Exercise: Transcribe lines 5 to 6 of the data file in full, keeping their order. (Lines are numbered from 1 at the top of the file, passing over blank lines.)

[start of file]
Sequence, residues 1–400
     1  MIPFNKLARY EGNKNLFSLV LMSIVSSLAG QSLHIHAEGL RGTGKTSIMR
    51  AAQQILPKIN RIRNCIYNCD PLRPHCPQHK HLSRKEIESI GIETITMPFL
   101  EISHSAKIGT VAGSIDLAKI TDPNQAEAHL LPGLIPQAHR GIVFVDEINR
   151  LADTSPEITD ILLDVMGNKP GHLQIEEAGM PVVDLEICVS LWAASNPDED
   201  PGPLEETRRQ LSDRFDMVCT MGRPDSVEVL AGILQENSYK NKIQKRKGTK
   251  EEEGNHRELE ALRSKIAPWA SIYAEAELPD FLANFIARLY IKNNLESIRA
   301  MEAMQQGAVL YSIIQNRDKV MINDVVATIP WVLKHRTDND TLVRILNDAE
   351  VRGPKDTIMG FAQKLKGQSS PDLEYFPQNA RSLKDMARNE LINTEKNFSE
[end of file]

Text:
   151  LADTSPEITD ILLDVMGNKP GHLQIEEAGM PVVDLEICVS LWAASNPDED
   201  PGPLEETRRQ LSDRFDMVCT MGRPDSVEVL AGILQENSYK NKIQKRKGTK